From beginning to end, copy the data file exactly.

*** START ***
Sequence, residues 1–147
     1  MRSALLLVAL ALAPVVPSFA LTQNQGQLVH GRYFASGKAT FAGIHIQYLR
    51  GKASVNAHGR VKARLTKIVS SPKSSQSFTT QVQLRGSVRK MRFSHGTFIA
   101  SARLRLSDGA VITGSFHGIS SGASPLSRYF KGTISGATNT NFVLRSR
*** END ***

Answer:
Sequence, residues 1–147
     1  MRSALLLVAL ALAPVVPSFA LTQNQGQLVH GRYFASGKAT FAGIHIQYLR
    51  GKASVNAHGR VKARLTKIVS SPKSSQSFTT QVQLRGSVRK MRFSHGTFIA
   101  SARLRLSDGA VITGSFHGIS SGASPLSRYF KGTISGATNT NFVLRSR